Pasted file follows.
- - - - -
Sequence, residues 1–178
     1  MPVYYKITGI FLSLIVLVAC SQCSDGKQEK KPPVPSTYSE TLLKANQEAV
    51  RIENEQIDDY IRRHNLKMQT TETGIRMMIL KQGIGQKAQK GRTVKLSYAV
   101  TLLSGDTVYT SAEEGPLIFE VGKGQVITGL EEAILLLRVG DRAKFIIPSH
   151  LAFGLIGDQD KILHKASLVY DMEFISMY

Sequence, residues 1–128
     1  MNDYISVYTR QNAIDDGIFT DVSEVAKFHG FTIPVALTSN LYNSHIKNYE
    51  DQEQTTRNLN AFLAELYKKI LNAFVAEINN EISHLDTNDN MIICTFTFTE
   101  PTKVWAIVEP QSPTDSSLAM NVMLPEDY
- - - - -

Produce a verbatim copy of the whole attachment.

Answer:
Sequence, residues 1–178
     1  MPVYYKITGI FLSLIVLVAC SQCSDGKQEK KPPVPSTYSE TLLKANQEAV
    51  RIENEQIDDY IRRHNLKMQT TETGIRMMIL KQGIGQKAQK GRTVKLSYAV
   101  TLLSGDTVYT SAEEGPLIFE VGKGQVITGL EEAILLLRVG DRAKFIIPSH
   151  LAFGLIGDQD KILHKASLVY DMEFISMY

Sequence, residues 1–128
     1  MNDYISVYTR QNAIDDGIFT DVSEVAKFHG FTIPVALTSN LYNSHIKNYE
    51  DQEQTTRNLN AFLAELYKKI LNAFVAEINN EISHLDTNDN MIICTFTFTE
   101  PTKVWAIVEP QSPTDSSLAM NVMLPEDY